by Jean-Pascal Bassino, Jeffrey G. Williamson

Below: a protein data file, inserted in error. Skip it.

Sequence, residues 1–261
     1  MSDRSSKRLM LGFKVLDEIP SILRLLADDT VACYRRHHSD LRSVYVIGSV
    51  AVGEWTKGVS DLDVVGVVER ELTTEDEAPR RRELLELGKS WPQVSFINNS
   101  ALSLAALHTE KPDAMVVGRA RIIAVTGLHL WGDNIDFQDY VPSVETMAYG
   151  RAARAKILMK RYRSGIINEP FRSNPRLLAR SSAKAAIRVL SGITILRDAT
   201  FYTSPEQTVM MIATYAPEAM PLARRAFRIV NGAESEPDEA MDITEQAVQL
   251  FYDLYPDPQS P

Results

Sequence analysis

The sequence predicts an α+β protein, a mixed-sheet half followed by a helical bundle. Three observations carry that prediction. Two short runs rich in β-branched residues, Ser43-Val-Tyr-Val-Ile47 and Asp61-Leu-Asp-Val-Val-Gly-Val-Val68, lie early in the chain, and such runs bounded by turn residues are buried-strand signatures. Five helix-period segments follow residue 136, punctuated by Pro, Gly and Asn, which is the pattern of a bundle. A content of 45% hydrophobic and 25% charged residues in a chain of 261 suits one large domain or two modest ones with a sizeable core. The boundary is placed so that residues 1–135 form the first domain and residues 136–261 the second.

Except for the Philippines between 1896 and 1939, Southeast Asia was never part of the century-long East Asian industrial catching up until after World War II. Before the 1950s, Southeast Asian manufacturing hardly grew at all: while commodity export processing did grow fast, import-competing manufacturing and manufacturing for local consumption did not. Singapore and Thailand started recording catching up growth rates on the western leaders only from the 1950s onwards, and Indonesia and Malaysia joined the club only after 1973. Even then, Southeast Asia did not record catching up growth rates on Japan or Taiwan until after 1973 and 1990, respectively. The only Southeast Asian country that appeared to have joined the fast industrial growth club before World War II – the Philippines — had its industrial growth collapse after the ISI years. What explains this dismal industrial performance before the 1960s? Why did Southeast Asia become a rapid export-led manufacturing growth success story after the 1960s while it did not in Latin America, the Middle East, or South Asia? In seeking answers, we distinguish four periods: de-industrialization and commodity export growth before 1913; a modest diversification into manufacturing during WWI and the interwar years; the development of consumer goods production under import substitution policies between the 1940s and the 1960s; and finally the high speed export-led industrialization since. We show how factor endowments, demography, schooling, second-best institutions, foreign markets, and, especially, good luck mattered.

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